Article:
Ellington

Ellington

[el-ing-tuhn]
Ellington, Duke (Edward Kennedy Ellington), 1899-1974, American jazz musician and composer, b. Washington, D.C. Ellington made his first professional appearance as a jazz pianist in 1916. By 1918 he had formed a band, and after appearances in nightclubs in Harlem he became one of the most famous figures in American jazz. Ellington's orchestra, playing his own and Billy Strayhorn's compositions and arrangements, achieved a fine unity of style and made many innovations in the jazz idiom. Many instrumental virtuosos worked closely with Ellington for long periods of time. Among his best-known short works are Mood Indigo, Solitude, and Sophisticated Lady. He also wrote jazz works of complex orchestration and ambitious scope for concert presentation, notably Creole Rhapsody (1932), Black, Brown and Beige (1943), Liberian Suite (1947), Harlem (1951), and Night Creatures (1955), and composed religious music, including three sacred concerts (1965, 1968, and 1973). Ellington made many tours of Europe, appeared in numerous jazz festivals and several films, and made hundreds of recordings. In 1969 he received the Presidential Medal of Freedom.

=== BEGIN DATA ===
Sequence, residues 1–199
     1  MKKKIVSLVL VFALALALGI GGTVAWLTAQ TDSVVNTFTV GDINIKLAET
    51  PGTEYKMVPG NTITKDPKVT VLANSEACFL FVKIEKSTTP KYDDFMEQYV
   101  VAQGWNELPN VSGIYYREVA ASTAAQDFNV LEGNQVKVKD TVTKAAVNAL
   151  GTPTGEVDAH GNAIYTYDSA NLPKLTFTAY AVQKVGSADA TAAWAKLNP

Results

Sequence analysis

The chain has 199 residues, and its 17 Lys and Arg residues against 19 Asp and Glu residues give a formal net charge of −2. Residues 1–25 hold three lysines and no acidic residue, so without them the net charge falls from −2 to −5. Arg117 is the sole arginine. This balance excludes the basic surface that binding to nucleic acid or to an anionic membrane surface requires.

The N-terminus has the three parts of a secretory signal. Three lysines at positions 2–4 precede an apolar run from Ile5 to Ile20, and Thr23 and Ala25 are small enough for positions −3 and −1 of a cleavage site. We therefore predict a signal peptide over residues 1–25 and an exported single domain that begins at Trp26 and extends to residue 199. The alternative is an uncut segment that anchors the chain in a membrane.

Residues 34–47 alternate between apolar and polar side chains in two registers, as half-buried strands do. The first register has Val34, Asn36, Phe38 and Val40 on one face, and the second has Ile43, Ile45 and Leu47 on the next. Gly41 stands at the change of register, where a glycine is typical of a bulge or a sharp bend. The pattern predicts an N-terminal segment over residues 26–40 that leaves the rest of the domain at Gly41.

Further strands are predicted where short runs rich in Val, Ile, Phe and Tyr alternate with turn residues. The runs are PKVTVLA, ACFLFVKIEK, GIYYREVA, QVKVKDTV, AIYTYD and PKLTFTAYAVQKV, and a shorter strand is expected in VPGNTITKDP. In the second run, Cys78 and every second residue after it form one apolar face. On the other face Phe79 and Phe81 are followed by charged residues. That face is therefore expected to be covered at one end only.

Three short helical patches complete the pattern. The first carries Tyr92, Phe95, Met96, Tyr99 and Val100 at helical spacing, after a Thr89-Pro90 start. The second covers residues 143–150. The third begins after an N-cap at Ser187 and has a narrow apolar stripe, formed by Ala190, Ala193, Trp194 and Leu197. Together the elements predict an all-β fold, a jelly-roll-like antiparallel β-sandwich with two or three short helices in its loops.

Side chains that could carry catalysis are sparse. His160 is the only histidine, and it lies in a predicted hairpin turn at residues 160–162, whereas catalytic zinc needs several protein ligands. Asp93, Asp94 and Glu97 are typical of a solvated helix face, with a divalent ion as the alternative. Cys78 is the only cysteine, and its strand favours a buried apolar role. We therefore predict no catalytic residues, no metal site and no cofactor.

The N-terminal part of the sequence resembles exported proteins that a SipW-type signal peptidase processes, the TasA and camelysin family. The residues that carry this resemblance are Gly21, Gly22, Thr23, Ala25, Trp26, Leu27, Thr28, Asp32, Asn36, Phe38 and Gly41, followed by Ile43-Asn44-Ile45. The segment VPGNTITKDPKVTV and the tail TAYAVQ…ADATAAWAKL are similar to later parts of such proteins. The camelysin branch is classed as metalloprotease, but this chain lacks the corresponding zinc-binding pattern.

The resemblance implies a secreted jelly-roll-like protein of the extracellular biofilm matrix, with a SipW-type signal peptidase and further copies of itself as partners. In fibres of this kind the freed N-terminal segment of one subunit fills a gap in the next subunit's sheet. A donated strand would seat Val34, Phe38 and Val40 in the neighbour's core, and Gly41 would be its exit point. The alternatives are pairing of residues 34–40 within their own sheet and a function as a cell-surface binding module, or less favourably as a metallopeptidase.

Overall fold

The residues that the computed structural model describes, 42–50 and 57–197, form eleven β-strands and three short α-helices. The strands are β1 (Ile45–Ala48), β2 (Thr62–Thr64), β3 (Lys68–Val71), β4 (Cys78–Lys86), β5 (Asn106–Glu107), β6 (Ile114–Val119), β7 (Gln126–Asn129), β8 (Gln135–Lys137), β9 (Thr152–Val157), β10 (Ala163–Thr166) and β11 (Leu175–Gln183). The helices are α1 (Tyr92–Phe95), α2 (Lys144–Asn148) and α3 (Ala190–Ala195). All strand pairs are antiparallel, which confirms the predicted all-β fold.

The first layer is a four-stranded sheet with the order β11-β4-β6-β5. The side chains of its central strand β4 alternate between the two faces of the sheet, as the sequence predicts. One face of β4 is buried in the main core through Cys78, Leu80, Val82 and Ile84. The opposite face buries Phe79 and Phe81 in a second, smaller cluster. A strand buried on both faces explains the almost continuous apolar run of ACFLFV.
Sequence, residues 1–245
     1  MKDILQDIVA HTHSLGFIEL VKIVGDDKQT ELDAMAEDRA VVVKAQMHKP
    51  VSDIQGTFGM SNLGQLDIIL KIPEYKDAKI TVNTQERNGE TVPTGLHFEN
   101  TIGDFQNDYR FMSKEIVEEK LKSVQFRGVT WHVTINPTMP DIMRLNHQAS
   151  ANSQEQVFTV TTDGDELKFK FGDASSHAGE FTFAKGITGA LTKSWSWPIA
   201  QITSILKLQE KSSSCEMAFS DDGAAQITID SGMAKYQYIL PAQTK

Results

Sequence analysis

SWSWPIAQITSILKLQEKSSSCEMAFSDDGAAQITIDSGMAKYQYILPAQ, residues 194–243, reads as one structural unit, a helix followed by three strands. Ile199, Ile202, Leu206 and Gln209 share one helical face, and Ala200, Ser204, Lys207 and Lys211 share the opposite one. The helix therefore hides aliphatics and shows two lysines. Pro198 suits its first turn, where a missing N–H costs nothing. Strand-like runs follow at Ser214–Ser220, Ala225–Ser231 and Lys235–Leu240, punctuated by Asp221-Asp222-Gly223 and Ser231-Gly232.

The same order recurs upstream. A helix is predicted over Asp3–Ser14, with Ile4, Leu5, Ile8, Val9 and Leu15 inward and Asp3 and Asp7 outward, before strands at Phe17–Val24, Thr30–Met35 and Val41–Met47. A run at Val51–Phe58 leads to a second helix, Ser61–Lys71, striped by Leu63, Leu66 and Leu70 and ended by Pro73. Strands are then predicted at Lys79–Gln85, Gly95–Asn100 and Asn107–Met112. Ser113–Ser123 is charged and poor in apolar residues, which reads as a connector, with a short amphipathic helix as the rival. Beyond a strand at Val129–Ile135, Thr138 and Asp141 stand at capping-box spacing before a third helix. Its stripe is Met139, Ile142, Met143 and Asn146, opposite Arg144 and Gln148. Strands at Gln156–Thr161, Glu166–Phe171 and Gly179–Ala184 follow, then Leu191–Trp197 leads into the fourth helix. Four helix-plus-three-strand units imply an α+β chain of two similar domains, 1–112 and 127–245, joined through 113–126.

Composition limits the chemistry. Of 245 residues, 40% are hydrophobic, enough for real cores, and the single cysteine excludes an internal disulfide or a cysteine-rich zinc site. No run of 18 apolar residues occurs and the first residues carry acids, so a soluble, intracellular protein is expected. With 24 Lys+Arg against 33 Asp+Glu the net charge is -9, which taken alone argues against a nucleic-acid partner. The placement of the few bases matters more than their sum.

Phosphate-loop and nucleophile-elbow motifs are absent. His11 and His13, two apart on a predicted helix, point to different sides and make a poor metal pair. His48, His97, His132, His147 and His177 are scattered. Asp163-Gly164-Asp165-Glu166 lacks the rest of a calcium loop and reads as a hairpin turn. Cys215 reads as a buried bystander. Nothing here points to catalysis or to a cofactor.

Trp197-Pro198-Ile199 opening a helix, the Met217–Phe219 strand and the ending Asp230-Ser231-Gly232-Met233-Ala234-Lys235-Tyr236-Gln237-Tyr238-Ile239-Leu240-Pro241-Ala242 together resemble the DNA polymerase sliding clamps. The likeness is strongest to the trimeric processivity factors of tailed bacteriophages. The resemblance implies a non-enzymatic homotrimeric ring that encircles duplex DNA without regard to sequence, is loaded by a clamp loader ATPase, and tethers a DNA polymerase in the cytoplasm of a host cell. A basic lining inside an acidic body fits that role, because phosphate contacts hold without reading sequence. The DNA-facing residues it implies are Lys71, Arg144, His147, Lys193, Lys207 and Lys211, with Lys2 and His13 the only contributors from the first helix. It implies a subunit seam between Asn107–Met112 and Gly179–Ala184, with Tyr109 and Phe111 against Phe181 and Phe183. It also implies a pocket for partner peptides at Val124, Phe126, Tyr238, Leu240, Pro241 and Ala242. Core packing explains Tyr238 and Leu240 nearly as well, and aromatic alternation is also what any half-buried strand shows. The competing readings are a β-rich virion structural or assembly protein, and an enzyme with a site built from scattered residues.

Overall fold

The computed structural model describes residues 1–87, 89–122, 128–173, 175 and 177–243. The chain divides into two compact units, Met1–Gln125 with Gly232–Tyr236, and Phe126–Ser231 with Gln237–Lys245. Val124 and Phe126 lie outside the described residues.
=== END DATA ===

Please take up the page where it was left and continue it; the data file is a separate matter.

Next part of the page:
See his memoirs, Music Is My Mistress (1973); M. Tucker, ed., The Duke Ellington Reader (1993); biographies by B. Ulanov (1946, repr. 1976), J. L. Collier (1989), M. Tucker (1991), J. E. Hass (1993), and A. H. Lawrence (2001); S. Dance, The World of Duke Ellington (1970); M. Ellington (his son) and S. Dance, Duke Ellington in Person (1978).

orig. Edward Kennedy Ellington

Duke Ellington.

(born April 29, 1899, Washington, D.C., U.S.—died May 24, 1974, New York, N.Y.) U.S. pianist, bandleader, arranger, and composer. He formed his band in 1924 in Washington, D.C.; by 1927 it was performing regularly at the Cotton Club in Harlem. Until the end of his life his band would enjoy the highest professional and artistic reputation in jazz. First known for his distinctive “jungle” sound—a description derived from the use of growling muted brass and sinister harmonies—Ellington increasingly integrated blues elements into his music. He composed with the idiosyncratic sounds of his instrumentalists in mind. Many of his players spent most of their careers with the band; they included saxophonists Johnny Hodges and Harry Carney, bassist Jimmy Blanton, trombonists Tricky Sam Nanton and Lawrence Brown, and trumpeters Bubber Miley and Cootie Williams. Pianist Billy Strayhorn was Ellington's frequent collaborator. Ellington composed a massive body of work, including music for dancing, popular songs, large-scale concert works, musical theatre, and film scores. His best-known compositions include “Mood Indigo,” “Satin Doll,” “Don't Get Around Much Anymore,” and “Sophisticated Lady.”

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orig. Edward Kennedy Ellington

Duke Ellington.